South Korean online giant Naver plans to build a cloud data center near Sejong City, with designs that refer to a nearby native village heritage site.
Naver announced the planned $420 million (500 million won) facility in October 2019, after strong opposition from residents forced it to abandon a previous plan for a data center in Yongin, Gyeonggi Province, according to Korea Times. Like the company’s previous data center “Gak” in Yongin, the new site has an architectural design which uses natural cooling where possible, and references local history and architecture.
The architect, Behive, has published plans for a 250,000 sq m facility which “floats” on the mountainous site and uses the local air circulation, as well as thermal mass and ice storage to minimize air-conditioning. It could be in operation by early 2022, according to earlier announcements.
Taking its cue from the “cloud,” and the uneven mountainous location, the architects have produced a design which “is hovering above the valley like a cloud,’ according to Behive, which also says on its site that it was “inspired by the World Heritage Site of Korea, the Hahoe folk village,” also built in the embrace of mountains.
The sloping site takes in a height difference of over 50m, so the design puts the data center halls in a level ring above ground level, which makes their layout more “straightforward and efficient,” says Behive. The site also has a control room, conference center, learning center, and exhibition space, which are “cascading down the valley” in a design that “takes the metaphor of the village, and develops into a learning community protected by the data.”
The outer ring has a multi-layer curtain wall; the outside layer has a screen patterned with perforations which reflect the geometry of the overall project. Air enters through these holes and is purified, and cooled by passing through an integrated water curtain system before entering the server room. The “village” buildings are made of tinted concrete, a “humble and solid material” which echoes traditional Korean buildings and “rocks growing from the earth.”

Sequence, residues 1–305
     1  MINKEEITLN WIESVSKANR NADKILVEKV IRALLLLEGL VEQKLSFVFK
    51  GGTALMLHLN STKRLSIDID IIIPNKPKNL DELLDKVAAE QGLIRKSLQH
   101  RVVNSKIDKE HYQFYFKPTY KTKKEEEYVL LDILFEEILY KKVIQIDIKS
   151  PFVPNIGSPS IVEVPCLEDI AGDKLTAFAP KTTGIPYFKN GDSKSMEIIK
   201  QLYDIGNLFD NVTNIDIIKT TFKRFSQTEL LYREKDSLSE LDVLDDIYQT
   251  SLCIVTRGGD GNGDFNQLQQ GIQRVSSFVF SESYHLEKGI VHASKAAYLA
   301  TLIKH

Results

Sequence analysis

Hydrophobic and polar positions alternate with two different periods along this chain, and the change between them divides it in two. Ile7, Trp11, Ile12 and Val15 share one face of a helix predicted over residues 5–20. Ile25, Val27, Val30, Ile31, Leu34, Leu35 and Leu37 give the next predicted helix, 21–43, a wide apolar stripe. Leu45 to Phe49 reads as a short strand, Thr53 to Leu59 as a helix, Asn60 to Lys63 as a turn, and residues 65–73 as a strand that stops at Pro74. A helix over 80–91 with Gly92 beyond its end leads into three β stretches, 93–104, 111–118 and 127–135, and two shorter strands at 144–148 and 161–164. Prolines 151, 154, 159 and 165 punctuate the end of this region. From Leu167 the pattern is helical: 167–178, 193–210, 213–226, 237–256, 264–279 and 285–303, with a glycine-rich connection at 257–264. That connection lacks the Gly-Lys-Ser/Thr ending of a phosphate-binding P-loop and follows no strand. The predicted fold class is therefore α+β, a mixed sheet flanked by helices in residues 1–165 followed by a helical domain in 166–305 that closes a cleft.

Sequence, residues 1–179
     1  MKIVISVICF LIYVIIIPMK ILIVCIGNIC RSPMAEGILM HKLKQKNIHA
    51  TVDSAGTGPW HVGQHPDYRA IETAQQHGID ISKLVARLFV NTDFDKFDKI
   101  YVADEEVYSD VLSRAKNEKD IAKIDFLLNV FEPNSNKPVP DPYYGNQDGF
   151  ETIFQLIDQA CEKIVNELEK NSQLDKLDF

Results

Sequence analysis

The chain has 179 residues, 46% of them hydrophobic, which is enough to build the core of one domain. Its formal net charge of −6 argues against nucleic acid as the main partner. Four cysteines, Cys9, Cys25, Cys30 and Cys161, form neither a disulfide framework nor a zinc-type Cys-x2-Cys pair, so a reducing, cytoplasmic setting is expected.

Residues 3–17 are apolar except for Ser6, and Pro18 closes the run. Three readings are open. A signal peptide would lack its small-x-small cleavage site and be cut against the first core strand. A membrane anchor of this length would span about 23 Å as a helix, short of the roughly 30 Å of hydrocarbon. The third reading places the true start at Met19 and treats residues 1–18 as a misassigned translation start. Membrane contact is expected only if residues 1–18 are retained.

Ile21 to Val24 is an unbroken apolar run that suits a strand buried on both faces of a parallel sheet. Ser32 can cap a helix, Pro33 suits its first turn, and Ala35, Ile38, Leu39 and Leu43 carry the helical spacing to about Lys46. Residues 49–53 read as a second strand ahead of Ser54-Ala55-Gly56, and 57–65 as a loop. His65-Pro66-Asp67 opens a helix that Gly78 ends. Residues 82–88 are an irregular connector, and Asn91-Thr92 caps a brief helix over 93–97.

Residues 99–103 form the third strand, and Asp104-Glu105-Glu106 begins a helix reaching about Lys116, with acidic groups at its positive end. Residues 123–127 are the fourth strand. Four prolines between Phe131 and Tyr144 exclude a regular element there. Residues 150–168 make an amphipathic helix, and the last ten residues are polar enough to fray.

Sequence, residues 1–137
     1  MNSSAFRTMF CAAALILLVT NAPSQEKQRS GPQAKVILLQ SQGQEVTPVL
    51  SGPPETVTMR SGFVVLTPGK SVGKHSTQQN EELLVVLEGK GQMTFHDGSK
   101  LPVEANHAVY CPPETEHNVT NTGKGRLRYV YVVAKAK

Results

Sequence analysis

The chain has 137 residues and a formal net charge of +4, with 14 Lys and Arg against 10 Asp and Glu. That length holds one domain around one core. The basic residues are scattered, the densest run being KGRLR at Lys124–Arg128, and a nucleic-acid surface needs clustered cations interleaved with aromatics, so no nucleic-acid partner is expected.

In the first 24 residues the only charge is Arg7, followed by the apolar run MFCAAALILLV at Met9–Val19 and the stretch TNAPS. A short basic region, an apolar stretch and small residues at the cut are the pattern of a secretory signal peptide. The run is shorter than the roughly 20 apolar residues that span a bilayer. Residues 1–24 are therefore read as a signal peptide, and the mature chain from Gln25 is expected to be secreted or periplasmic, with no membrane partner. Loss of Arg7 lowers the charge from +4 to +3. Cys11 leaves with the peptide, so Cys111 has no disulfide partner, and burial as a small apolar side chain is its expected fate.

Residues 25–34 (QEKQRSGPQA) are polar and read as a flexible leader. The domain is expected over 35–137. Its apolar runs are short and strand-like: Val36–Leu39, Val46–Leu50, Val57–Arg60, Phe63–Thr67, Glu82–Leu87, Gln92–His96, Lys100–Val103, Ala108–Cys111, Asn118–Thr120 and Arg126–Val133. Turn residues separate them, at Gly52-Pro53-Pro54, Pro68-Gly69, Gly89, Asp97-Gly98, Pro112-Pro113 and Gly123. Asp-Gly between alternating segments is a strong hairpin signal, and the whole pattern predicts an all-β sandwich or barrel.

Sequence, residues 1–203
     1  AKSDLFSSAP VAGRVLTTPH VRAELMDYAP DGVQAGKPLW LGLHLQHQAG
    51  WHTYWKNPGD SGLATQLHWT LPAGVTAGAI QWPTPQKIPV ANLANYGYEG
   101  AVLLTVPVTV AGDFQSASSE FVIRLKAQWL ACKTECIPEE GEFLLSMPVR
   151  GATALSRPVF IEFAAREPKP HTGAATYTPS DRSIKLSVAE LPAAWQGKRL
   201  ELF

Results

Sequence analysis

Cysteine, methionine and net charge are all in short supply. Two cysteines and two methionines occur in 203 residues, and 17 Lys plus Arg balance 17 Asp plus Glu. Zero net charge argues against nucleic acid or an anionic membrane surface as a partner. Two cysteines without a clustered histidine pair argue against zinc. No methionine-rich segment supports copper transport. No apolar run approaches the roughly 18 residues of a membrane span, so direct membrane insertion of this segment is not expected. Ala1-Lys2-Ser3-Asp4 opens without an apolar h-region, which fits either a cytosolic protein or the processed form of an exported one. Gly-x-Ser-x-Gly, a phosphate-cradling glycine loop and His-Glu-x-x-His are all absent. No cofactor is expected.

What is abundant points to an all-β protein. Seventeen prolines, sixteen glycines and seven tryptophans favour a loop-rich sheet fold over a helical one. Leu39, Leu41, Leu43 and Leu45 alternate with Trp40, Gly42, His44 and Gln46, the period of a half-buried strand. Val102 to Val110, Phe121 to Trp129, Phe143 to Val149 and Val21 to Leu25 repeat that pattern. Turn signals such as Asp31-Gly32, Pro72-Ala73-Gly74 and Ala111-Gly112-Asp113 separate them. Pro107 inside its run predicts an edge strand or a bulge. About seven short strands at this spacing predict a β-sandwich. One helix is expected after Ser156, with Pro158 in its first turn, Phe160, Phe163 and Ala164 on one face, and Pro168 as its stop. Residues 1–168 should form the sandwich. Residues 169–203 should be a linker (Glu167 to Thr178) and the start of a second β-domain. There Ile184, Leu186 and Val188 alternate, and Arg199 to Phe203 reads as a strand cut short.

The three curved segments of the ring will be built in separate phases, and offices and gardens will be placed where they join.
At the entrance, a lake reflects the cloud ring, and also doubles as an eco-friendly protective moat along with the protective wall system, says Behive. The site is also protected from disasters, with a buffer zone. It includes a fire-prevention drencher.
For cooling, air comes in through the outside skin, and then is purified with a water drencher, which removes fine dust and pollen, while also cooling the air. The water in the curtain is provided by recycling rain water captured on the facility’s roofs. Additional cooling comes from “thermal mass.”
In Sejong’s climate, outside air is sufficient for 72 percent of the year. During this period, to ensure a 22C input, and a 24C temperature in the server room, the outside air will be mixed with hot exhaust air from the server room.
For the other 28 percent of the year – July and August, and hot days in May, June, and September – additional cooling will be provided from various sources, including ice storage, an air-side economizer and a chiller. Each phase of the data center will have three large concrete slabs in the ground underneath it for “thermal mass cooling.” These 34x20x2m slabs can save around 3000 kWh per day, 245,700 kWh during the year, says Behive in its plans. That’s the equivalent of 125kW per day or 28kW over the year. The roofs of the data center will also radiate heat at night using the valley’s summer wind, removing some 348kWh per day.
The site will also have 22,000 sq m of solar panels, generating some five million kWh per year. That’s about 570kW of generation, which is apparently 2.5 percent of the HVAC energy consumption (which would suggest HVAC systems using about 23MW of power).
Waste heat goes first to the site’s own indoor greenhouses, as part of an elaborate plan for energy reuse. According to the plans, hot air leaves the server room at 36C, to be heated with heat pumps and passed through heat exchangers. In winter, it will be used for the site’s greenhouses, space heating, domestic hot water, and melting snow on the surrounding roads. “Considering distribution cost and heat loss, we suggest providing 36C hot air for end users nearby (within 200m) and 28C hot water for end users further away. These two heating sources from Naver data center will benefit the neighborhood, by providing free heat for direct use and for pre-heating municipal water”, the plan says.
The data center will use hot aisle containment; each server room has 14 aisles with 64 racks in each, adding up to 644 racks for each of the server room. There will be eight server rooms (around 5,000 racks) in each phase of the ring. When all three phases are built, there will be 15,456 racks. There will be dual power channels, fed from each end of the server room, and air-conditioning units between the server rooms.
Naver plans to use robot maintenance, with robots for monitoring, patrol/guidance, transportation, maintenance, and “destruction” (according to the notes on World Architecture). A corridor has been designed to allow robots and humans access.